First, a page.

Whiteman Foundation and Whiteman 4G Foundation

OVERVIEW: The Whiteman Foundation supports child welfare, education, and health. The founder created a second foundation, the Whiteman 4G Foundation, which focuses on basic needs for children. Maricopa County, Arizona, is the focus for both foundations.

FUNDING AREAS: Education, child welfare, health, basic needs for children

IP TAKE: There are actually two foundations in this family, but they are very similar in their geographic focus and interest areas. Learn about both to submit an idea to the most appropriate one.

PROFILE: Established in 1961, the Whiteman Foundation is based in Mesa, Arizona. This is the foundation of Jack Whiteman, who founded Empire Southwest, the region’s Caterpillar dealership. It was originally called the Edna Rider Whiteman Foundation and adopted its current name 35 years later. Foundation interests include health, education, and children's welfare.

Lately, the top priority for the Whiteman Foundation has been early childhood development for the birth-to-age-five demographic. Therefore, health and education grants most often go to groups that serve those young residents. This is a shift from the 1970s through the 1990s, when the foundation primarily funded higher education and the arts. Over the years, the Whiteman Foundation has invested millions of dollars within Maricopa County. Support has gone to the Arizona Museum for Youth, the Phoenix Art Museum, and the East Valley Child Crisis Center. The main source of funding for this foundation is Empire Southwest, which commits over two percent of pretax profits to charity, one percent to the Whiteman Foundation, and one percent to the sister foundation.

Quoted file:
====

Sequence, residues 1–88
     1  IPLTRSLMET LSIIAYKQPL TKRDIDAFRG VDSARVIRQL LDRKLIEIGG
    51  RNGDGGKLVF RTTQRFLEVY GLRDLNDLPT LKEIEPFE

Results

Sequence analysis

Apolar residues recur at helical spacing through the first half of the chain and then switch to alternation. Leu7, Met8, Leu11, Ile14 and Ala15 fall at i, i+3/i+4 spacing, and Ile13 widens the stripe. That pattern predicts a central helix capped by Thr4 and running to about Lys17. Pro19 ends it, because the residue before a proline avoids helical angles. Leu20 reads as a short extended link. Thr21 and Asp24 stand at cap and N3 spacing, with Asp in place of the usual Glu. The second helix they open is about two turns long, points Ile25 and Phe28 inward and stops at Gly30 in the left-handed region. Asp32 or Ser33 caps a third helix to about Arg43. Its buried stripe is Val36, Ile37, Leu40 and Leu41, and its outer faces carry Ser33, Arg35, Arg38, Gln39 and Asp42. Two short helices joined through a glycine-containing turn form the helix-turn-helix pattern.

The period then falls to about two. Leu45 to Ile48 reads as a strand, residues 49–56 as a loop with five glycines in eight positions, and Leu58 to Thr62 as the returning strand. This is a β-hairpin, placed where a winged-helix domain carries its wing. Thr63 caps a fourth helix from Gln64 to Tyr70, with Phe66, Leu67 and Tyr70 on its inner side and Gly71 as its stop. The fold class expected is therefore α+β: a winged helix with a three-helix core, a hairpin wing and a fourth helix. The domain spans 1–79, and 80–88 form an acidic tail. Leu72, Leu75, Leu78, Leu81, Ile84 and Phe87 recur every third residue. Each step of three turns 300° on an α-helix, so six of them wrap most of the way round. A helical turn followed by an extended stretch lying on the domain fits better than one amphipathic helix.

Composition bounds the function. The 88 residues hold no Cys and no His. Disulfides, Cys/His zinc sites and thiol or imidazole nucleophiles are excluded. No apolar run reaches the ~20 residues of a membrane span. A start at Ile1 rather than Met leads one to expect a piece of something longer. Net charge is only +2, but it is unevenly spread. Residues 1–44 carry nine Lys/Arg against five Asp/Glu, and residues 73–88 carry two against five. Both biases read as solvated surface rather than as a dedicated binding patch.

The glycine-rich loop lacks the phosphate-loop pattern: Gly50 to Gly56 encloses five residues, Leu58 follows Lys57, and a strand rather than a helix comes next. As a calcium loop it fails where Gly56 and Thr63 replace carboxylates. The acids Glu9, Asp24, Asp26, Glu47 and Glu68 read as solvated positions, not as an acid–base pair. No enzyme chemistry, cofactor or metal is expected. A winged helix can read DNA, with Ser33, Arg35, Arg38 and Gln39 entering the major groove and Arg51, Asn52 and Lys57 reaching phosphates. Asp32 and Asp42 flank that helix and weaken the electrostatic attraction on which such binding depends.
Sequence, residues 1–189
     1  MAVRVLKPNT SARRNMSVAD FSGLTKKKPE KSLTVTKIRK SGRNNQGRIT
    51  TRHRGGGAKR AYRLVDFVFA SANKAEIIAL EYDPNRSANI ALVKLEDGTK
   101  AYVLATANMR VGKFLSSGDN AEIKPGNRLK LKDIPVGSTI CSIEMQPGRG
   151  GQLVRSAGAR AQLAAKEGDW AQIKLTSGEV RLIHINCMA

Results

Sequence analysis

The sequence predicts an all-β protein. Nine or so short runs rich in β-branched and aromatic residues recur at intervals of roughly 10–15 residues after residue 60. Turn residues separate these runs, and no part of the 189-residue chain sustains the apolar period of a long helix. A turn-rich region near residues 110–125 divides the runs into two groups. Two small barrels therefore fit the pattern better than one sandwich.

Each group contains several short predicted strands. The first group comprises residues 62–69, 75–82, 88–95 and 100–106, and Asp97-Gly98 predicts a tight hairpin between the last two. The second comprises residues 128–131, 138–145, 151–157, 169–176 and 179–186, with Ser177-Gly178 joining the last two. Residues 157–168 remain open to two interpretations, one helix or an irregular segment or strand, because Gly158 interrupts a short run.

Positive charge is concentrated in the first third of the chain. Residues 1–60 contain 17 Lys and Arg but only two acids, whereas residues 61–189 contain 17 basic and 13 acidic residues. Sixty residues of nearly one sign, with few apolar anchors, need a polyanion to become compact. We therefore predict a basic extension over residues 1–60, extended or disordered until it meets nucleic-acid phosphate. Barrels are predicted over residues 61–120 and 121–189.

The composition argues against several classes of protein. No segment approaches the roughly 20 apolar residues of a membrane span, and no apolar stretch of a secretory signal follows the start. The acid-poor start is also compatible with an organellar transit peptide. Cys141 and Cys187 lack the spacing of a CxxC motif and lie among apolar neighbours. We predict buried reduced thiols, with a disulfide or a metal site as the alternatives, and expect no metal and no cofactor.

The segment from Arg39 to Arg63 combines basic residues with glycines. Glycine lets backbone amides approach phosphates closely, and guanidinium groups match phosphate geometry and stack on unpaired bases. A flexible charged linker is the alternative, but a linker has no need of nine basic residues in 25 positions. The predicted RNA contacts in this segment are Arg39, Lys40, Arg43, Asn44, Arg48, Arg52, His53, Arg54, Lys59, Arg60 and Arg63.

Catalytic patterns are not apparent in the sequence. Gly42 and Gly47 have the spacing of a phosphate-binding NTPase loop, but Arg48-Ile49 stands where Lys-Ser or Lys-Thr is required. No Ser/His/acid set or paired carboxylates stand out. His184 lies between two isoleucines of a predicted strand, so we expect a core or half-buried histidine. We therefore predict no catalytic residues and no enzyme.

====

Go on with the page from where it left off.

John Whiteman created a new and separate foundation in 2006 for his 11 grandchildren, calling it the Whiteman 4G Foundation since they were the fourth generation of Whitemans to be involved in the family philanthropy. It funds human services, including children’s issues, abandonment, harassment and bullying, and responsible parenting. Health, including children’s cancers and diabetes, and education, including scholarships and infant brain development research, are also focuses. More recently, the board refined 4G's interests to focus on children’s basic needs related to health, food, clothing, and education. The two children-focused foundations differ slightly in their target age interests: the Whiteman Foundation supports projects for youths up to 18 years old, while the 4G focuses on work serving youths up to age 12.

Whiteman Foundation grants tend to be between $5,000 and $20,000, and grantseekers can view a list of past grantees here. Meanwhile, the Whiteman 4G Foundation’s grants tend to be fewer but occasionally larger. View past Whiteman 4G grantmaking here. Both foundations’ giving are focused on Arizona and Maricopa County.

Both foundations accept new grant applications by invitation only, and both are administered by the Arizona Community Foundation. For prospective grantees, applications are typically accepted between September and October, with awards going to Maricopa County groups in December. Groups interested in a grant should use the contact page to introduce a project idea. The phone number to reach the staff with general questions is 480-633-4413.

PEOPLE:

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